I flew on Monday.
He was a talker. We discovered we were both in Training.
I’m not often speechless. But with Dennis I was all ears.
He’d been in training for 40 years and was heading home. It was his last trip he said. He was retiring from the game.
His big thing about training was the customers. Not the learners so much – but the customers of those learners. That’s what drove him. All his years of training was for them. It made sense.
Don’t get me wrong, he loved the learners too. He spent his life figuring out the best way to teach and shared that in the end, it was the work ethic of the students themselves and their willingness to practice that made all the difference in the world. That made sense too.
Testing was an obsession with him. In his training experience, knowing and certifying for absolutely sure that his charges understood the content and could prove it not just in class but in the field months later, was critical. Made perfect sense.
You see, we are both in training. So I get at the most basic level what that means, how important it can be and how hard it is to do.
But I train stuff that just helps people. Dennis trains stuff that saves lives.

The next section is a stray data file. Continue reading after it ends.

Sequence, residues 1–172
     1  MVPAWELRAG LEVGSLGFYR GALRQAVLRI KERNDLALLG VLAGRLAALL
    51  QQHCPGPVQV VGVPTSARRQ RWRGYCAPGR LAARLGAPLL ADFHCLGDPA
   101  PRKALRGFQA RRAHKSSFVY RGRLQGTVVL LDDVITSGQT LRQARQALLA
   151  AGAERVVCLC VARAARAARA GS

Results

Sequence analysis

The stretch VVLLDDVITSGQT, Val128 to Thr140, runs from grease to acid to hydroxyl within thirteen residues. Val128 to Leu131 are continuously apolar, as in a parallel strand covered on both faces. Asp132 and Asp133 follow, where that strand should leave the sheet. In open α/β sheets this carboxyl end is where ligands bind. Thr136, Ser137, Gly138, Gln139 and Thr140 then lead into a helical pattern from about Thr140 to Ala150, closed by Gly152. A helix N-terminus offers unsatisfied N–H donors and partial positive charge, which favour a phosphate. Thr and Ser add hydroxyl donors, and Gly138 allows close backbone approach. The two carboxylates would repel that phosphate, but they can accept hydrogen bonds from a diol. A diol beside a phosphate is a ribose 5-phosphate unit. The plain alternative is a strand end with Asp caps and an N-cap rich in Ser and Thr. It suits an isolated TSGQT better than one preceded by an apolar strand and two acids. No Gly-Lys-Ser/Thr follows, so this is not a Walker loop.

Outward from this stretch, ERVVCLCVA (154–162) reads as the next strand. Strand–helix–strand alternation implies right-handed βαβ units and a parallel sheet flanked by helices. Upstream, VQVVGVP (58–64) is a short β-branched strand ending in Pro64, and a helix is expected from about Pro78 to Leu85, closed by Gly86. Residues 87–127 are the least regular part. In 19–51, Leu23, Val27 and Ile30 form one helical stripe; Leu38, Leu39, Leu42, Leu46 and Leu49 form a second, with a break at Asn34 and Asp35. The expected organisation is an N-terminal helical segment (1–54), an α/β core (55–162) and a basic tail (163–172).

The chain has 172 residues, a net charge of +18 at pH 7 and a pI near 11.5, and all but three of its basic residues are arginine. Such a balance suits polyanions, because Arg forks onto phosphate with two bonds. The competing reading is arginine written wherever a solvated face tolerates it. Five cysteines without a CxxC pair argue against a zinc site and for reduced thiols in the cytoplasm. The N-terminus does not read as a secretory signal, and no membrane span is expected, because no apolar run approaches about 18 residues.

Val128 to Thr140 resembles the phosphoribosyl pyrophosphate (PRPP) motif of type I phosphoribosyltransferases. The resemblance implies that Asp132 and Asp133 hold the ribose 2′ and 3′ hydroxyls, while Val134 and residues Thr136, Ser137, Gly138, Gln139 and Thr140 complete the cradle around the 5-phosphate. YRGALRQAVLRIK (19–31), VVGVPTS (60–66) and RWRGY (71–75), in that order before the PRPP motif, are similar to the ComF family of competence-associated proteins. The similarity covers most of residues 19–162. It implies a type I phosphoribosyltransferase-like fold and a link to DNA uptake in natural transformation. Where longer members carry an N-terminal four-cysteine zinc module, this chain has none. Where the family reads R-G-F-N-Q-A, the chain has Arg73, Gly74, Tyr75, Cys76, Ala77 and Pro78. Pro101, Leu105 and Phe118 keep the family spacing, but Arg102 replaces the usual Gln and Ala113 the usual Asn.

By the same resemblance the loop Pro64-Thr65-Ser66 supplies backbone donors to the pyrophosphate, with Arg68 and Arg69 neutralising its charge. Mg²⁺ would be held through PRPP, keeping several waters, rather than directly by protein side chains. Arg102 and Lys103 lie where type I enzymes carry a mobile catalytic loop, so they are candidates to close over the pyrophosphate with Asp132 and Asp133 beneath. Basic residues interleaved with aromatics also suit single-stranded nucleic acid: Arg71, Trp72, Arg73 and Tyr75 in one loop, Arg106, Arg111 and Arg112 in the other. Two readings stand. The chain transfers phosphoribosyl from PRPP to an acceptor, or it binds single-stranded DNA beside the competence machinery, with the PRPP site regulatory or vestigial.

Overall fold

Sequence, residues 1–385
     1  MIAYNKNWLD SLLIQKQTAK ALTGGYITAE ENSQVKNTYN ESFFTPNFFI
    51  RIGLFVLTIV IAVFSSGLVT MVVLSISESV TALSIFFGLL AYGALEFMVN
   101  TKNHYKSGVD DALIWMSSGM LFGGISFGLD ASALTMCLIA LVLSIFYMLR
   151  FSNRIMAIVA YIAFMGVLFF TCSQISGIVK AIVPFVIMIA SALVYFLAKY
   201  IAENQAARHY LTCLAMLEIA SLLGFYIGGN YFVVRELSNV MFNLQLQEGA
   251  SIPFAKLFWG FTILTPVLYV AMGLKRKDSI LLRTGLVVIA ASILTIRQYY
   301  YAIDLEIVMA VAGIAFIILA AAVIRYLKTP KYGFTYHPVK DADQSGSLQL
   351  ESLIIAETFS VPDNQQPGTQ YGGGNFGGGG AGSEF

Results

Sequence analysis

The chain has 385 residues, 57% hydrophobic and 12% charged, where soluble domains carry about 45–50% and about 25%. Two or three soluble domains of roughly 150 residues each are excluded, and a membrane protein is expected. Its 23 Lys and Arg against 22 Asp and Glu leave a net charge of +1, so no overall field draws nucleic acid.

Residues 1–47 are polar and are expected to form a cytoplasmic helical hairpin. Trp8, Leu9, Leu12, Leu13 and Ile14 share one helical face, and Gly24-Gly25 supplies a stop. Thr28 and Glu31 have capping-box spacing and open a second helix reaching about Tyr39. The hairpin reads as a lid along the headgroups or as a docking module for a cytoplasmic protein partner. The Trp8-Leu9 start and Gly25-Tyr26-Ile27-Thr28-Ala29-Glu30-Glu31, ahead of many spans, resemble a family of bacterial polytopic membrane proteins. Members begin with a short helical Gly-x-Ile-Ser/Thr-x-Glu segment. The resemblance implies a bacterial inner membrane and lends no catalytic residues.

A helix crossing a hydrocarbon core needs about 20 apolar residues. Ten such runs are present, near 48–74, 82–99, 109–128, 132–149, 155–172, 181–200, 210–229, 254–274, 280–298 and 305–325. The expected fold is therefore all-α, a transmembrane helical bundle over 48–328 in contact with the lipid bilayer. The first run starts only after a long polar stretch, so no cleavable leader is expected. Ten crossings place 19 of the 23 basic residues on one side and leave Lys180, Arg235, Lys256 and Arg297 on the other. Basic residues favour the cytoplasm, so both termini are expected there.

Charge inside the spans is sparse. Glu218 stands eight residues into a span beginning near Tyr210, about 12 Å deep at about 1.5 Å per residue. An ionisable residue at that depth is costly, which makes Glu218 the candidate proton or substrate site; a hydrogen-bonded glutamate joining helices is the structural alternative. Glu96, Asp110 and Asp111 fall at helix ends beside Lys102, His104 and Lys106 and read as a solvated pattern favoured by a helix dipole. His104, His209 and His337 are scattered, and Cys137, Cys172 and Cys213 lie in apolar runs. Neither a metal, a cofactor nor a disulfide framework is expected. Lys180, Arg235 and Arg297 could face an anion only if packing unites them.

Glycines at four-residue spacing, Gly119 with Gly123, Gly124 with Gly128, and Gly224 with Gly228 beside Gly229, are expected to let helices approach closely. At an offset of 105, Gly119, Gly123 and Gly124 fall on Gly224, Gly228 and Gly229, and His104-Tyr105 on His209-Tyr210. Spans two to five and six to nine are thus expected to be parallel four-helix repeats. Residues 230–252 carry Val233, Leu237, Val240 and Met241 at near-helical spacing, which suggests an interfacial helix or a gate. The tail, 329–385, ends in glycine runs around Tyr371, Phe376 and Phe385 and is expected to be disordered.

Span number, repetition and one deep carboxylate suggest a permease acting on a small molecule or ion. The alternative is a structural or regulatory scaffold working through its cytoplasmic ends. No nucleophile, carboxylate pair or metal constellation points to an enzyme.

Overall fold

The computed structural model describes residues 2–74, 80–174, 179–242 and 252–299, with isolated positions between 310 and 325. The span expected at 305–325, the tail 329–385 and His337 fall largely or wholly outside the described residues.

Dennis was on his way back from another year in Afghanistan. He was a former military man now working for the Department of Defense and the Training leader of a bomb finding dog training school saving the lives of American soldiers with his Belgian and German Shepherds clearing roads by sniffing out IED’s.
While the odd commonalities of our training worlds struck me, it was of course the differences that made me speechless.
“It’s tough, one of my crew lost both of his legs three weeks ago in a remote detonation and his dog took a lot of shrapnel. They’ll both be OK…. ” He stopped, leaned forward and looked beyond me out the window.
“Oh my, look at the grass, look at the trees…” he said with a voice trailing a bit as we neared landing. His eyes were misting perhaps an understandable mixture of sadness and joy.
“Vietnam, Panama, Desert Storm, Desert Shield…and all that sand and all that nothingness….It is so good to be getting home.”
When we landed and I thanked him for all those years of service he just shook my hand, winked and smiled. It occurred to me that perhaps Dennis was not really that much of a talker after all and given the troops he trained – didn’t need to be. That today on this flight, maybe he just needed to talk.
Maybe I was just lucky enough to have the honor and the privilege of sitting next to an incredible trainer on a very special day of his invaluable life.
Thank you Dennis. Thank you.